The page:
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Please excuse my small knowledge of graph theory vocabulary.

I can only describe the problem with common english words. Maybe someone can point me into the right direction and/or terms to look up.

The problem came up as part of the implementation of a visual programming language. Where a vertex is a function/method and the edges transport data between the functions. Now there is the following problem:

It could be allowed to connect the output of vertex A with the type of Collection< TItem > to the input of vertex B with type TItem. And then the output of vertex B with type TItem to the input vertex C with type Collection< TItem >. This would tell the compiler that it has to wrap a foreach function around vertex B to apply the function of B to each item in the collection from A and output the new items as collection to the input of C. So the edge from A to B is a many to one connection and from B to C is one to many.

Now the actual problem is, what kind of algorithm would find a subgraph that is surrounded/isolated by one to many connections? so that the compiler would wrap a foreach function around this particular subgraph? I've treid to visualize the problem in this picture:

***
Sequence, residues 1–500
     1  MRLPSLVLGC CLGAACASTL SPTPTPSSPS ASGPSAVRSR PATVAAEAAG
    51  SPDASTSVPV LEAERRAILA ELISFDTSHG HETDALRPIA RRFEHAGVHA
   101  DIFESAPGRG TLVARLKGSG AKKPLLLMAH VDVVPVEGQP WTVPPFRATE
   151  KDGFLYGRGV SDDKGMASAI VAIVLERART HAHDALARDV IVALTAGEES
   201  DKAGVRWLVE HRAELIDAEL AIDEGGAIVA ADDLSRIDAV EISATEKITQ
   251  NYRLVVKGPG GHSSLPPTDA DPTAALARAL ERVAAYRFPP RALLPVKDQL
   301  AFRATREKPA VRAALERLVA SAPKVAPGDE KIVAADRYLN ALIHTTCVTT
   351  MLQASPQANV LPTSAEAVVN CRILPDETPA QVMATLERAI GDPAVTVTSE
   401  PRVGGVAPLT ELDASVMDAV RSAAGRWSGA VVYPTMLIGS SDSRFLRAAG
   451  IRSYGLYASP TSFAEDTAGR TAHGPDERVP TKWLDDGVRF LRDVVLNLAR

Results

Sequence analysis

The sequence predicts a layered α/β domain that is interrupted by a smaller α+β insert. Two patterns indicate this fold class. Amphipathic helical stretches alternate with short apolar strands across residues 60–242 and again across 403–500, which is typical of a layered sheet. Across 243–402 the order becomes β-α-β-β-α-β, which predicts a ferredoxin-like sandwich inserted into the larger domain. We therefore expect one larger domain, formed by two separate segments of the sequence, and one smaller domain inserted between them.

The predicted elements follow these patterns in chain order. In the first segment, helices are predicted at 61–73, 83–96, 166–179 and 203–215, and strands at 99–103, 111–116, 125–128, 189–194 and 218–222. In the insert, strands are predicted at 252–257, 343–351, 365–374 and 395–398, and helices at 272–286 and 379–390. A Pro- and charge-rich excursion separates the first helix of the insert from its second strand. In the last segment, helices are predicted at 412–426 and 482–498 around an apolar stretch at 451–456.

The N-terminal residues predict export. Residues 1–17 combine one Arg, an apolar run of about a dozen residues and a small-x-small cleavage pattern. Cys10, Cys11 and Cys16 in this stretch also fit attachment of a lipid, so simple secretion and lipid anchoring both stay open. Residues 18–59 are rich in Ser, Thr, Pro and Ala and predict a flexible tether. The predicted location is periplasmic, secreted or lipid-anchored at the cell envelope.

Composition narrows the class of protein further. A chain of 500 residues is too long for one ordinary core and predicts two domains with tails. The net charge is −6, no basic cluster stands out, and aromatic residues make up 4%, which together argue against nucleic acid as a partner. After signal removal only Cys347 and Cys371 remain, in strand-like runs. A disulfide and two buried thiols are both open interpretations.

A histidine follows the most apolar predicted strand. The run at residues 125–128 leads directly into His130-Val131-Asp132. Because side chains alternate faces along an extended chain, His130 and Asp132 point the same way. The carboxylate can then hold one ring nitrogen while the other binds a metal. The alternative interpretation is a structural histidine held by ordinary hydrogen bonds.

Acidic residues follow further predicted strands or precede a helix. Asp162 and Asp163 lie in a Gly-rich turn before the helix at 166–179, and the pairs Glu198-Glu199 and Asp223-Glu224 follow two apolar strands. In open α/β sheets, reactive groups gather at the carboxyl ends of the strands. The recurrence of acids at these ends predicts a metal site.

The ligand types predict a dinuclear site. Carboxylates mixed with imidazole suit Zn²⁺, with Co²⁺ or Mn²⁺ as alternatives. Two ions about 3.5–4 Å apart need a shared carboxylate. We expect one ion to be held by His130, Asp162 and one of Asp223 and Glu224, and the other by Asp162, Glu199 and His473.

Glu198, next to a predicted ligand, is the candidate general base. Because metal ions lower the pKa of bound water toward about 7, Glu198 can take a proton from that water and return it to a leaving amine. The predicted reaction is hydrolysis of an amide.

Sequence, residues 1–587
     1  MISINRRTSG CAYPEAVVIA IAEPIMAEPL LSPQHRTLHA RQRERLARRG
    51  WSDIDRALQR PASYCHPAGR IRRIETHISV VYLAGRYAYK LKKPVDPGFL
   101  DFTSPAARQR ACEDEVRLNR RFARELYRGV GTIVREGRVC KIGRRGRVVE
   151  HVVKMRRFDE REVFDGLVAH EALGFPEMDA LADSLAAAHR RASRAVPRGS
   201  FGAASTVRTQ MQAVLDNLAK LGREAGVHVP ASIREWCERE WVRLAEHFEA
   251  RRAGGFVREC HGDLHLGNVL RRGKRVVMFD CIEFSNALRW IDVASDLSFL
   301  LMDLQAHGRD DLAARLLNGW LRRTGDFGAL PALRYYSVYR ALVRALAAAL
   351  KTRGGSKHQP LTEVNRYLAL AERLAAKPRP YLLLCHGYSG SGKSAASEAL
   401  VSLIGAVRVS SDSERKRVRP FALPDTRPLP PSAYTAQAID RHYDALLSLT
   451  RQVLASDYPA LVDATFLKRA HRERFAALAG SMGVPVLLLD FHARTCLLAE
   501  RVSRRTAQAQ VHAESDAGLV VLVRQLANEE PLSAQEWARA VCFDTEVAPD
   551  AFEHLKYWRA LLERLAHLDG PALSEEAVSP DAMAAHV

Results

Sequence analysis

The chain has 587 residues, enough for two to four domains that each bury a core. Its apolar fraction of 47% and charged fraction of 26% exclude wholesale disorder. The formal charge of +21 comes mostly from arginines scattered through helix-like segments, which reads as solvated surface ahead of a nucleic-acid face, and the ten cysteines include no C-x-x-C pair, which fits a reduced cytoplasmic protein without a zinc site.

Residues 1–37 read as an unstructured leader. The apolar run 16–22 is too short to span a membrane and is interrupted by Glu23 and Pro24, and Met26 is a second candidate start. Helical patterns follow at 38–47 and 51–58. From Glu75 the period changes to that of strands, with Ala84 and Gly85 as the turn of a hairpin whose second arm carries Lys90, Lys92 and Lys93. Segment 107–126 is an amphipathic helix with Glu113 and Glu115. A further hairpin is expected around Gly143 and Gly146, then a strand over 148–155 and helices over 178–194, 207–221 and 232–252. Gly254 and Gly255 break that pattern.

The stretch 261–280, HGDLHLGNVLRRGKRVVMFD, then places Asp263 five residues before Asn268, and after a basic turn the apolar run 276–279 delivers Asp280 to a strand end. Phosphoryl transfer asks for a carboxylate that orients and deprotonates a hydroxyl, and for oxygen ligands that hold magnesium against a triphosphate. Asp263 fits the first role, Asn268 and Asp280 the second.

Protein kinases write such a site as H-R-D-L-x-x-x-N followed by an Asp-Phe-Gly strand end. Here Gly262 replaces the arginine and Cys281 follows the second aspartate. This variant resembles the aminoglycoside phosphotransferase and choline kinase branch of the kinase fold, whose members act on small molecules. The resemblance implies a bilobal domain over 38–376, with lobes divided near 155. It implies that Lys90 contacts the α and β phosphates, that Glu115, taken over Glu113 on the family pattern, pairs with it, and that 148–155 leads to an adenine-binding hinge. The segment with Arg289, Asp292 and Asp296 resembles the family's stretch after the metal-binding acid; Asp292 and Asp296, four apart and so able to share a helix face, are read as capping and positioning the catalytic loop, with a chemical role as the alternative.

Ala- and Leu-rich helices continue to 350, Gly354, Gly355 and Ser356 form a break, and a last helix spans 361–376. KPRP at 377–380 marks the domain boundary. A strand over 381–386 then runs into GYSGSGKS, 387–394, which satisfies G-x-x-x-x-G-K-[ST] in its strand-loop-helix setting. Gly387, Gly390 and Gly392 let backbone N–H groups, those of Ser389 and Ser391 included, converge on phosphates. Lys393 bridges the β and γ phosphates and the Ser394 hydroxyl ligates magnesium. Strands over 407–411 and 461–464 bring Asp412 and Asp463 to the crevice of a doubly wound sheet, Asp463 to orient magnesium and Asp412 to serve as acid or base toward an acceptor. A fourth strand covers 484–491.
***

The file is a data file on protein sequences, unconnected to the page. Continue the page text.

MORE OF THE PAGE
find subgraph

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It sounds like you're trying to distinguish between edges in your graph. Edges between blue and white vertices are "many" while edges between white vertices are "one" (and I guess there are no edges between blue vertices). Is this a correct interpretation of your problem? –  jamisans Mar 5 at 17:23
    
@jamisans, the right image is still a simplification there can be edges between the blue vertices as well. those edges would need no special 'treatment' since the data type would be 'many'... –  thalm Mar 5 at 18:59
    
Also, are the graphs arbitrary or are they trees as picture suggest? –  hbm Mar 5 at 19:05
    
@hbm, they are arbitrary, theoretically every vertex from above could be connected to each vertex below. it would not make much sense for the actual output, but it is allowed and quite common that a vertex from above is connected to more than one vertex below. –  thalm Mar 5 at 19:20
    
have a small update on this... the graph is directed. from top to bottom. so the rightmost vertex which is yellow should NOT be in the subgraph, because it comes from above... does this help or simplify the finding algorithm? –  thalm Mar 7 at 15:41

1 Answer 1

up vote 0 down vote accepted

By the way, this question has a good answer over at stackoverflow:

Find subgraphs in a directed graph which are isolated by certain properties

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